1. Dave W Baldwin

      Thanks William… I was thinking of this link when I saw today’s title.

    2. ShanaC

      how are they being piloted? (though this plus a kinect hack might work somehow…)

      1. William Mougayar

        Good question. A new type of job will emerge:Restaurant Drone Operator!

      2. LE

        Man in video with ipad is in control.

    3. Matt A. Myers

      I saw that. First thing came to mind is have fun navigating those spinning blades – yes I know they’re generally plastic but will still hurt like a mofo if they hit you..

    4. Kirsten Lambertsen

      Now, I’m surprised it can carry that much weight.

      1. LE

        Well first it’s not entirely clear it’s carrying the weight because it’s apparent from watching that once it clears the “ground” effect it goes down. The ground effect is whenever a chopper is close to the ground there is additional “lift”.I’ll give an example. I have a micro copter at the office that I can land on my hand. When the battery starts to go low (after, say 7 minutes approx.) the chopper will fail to hold a certain altitude. But if I put my hand out I can hover the chopper over my hand, it doesn’t land (unless I want it to). That’s more or less the ground effect.The ground effect is also what makes it more difficult to land a chopper when you are practicing with a non-automated one since it becomes a bit unstable.Lastly, the idea of using this is not practical if you’ve ever flown these in any type of wind you have some real control problems even with the computer assistance.http://www.rchelicopterfun….To test this, get your RC heli into a nice stable 3 to 4 foot hover. Now decrease the throttle/collective ever so slightly so the heli starts to descend slowly. As you near the ground, you will find the heli will start encountering the bubble of high pressure (at about 1/2 the main rotor diameter) and stop descending, you are now in ground effect. The nice thing about ground effect is it allows you to concentrate almost 100% on your cyclic controls since the lift generated by the main rotors is somewhat self-correcting while in GE.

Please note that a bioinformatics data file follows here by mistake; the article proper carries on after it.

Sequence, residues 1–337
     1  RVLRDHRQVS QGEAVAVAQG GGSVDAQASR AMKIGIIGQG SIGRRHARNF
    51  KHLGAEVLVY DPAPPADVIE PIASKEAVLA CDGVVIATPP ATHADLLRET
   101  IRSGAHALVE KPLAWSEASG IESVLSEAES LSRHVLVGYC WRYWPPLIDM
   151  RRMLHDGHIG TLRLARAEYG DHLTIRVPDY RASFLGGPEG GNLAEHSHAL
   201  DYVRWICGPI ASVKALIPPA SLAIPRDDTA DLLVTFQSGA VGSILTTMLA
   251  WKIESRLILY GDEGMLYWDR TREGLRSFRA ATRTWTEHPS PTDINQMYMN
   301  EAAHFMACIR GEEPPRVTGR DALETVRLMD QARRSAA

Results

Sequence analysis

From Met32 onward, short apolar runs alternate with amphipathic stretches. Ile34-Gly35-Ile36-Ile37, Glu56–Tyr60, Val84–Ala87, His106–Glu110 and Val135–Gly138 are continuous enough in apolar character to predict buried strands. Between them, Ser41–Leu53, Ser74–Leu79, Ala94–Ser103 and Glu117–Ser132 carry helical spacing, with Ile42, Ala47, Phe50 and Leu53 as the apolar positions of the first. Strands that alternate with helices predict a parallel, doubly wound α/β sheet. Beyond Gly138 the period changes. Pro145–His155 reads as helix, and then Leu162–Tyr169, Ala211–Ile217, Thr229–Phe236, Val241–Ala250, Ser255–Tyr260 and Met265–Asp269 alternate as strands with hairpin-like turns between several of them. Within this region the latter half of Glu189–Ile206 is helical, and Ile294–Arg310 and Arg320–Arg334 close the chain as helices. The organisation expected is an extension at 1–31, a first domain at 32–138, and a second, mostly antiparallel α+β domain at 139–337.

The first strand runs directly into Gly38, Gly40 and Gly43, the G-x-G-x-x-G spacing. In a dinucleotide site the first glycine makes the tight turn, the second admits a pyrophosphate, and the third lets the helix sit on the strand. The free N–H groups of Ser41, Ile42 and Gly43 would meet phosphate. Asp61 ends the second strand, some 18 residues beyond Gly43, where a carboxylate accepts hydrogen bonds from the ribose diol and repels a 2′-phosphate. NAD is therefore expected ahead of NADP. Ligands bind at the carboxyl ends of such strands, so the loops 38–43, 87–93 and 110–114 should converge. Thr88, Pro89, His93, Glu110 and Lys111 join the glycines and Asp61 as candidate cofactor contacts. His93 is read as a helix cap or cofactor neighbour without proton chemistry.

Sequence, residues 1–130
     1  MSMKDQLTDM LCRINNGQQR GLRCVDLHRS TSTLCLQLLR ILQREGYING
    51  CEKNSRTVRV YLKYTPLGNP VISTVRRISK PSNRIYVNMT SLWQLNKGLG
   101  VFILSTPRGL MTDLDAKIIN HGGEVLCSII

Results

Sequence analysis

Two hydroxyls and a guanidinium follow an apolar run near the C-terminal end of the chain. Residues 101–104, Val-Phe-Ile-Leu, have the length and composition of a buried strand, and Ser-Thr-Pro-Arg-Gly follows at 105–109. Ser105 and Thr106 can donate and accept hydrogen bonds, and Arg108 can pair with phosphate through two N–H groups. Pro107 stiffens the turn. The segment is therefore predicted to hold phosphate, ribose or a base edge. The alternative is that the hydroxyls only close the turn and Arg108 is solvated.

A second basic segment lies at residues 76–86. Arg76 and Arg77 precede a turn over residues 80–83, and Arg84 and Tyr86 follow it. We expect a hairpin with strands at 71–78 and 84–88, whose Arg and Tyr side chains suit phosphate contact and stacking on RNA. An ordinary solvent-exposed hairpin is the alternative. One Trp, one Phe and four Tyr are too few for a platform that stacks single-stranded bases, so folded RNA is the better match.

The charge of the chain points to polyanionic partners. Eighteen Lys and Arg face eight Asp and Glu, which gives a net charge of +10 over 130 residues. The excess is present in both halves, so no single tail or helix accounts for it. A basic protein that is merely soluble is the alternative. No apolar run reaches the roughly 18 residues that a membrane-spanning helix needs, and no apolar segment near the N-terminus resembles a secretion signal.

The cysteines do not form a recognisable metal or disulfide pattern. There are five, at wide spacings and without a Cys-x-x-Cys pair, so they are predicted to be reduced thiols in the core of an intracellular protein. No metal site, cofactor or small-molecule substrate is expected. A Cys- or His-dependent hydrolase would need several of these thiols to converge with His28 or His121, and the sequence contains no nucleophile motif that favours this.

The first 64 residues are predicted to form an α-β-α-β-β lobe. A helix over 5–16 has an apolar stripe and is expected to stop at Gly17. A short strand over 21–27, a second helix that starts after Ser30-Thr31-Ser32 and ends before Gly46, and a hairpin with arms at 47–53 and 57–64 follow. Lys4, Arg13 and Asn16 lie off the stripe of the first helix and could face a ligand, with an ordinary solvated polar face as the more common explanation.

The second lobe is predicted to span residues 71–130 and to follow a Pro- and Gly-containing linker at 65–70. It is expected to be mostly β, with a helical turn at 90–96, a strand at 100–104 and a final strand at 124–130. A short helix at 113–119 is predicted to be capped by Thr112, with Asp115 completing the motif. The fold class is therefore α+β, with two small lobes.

2. andyidsinga

        I was wondering the same thing – I’ve read a site that says the AR drone payload is only 100 grams (maybe Fred can confirm in his experiements 🙂 )the drone in William’s pic seems to be something other model/brand.

      3. jason wright

        it’s not McDonald’s.

    5. Ana Milicevic

      The video is great.Doesn’t look like they thought of protecting the food from birds while in transit from kitchen to table. Hmmm….

      1. William Mougayar

        Maybe that costs extra 🙂

    6. PhilipSugar

      Maybe this is cranky Phil, like cranky William at the foursquare post.When I see the media writing stories like this I think the hype curve is a giant wave that is getting ready to crash.I like drones but…In the one corner we have a low tech, no maintenance plastic conveyor belt delivering sushi, never spilling food, with counting plates to calculate the bill. (it is my understanding they are like Pod in Philly)In the other corner we have a wait staff, an iPod, and a drone, to deliver food much slower than if the wait staff just handed it to you, with the added possibility of spilling food and hitting some clumsy oaf that is going to threaten to sue you because he ran into the drone.

      1. Matt A. Myers

        I think a lot of gimmicky, non-sustainable, uses will come about with experimentation and see what people / the market is willing to withstand – and from that there will hopefully be some cool, useful / valuable, non-intrusive use cases that arise.

          1. Ana Milicevic

            @wmoug:disqus @mattamyers:disqus @philipsugar:disqus When I was working with the UN many years ago and when drones were much rougher than they are today we were looking at them as a way to deliver supplies & medicine to hard to reach areas (e.g. post natural disaster or simply very remote). We’re not talking about a wifi drone clearly, but robots delivering or even just scanning disaster areas with cameras/IR sensors would be really cool & much needed.Agree that this is a tad hype-y, but to Matt’s point that seems to be a recognizable pattern.

          2. William Mougayar

            But I look forward to seeing what Fred will come up with in terms of programming it, apps, usages, etc…

          3. Matt A. Myers

            Another use I thought could be very valuable would be fire-fighting related.

          4. Matt A. Myers

            If following that then it seems so. 🙂

      2. William Mougayar

        Deep inside, I’m with you, but was playing along the Dronemania fever.This example is definitely pushing the limits of practicality. It borders on the ridicule, like when SNL did the skit on GoogleGlass.That said, I can comprehend using a personal drone for aerial photography/filming, but can’t think of other practical usages except for the thrill of flying a weird looking object.

        1. PhilipSugar

          No, I love them too just saying where on the hype curve we are.My brother gave my son one of those cool helicopters for Christmas. I liked it and flew it so much my wife ordered me to buy my own and stop using my son’s.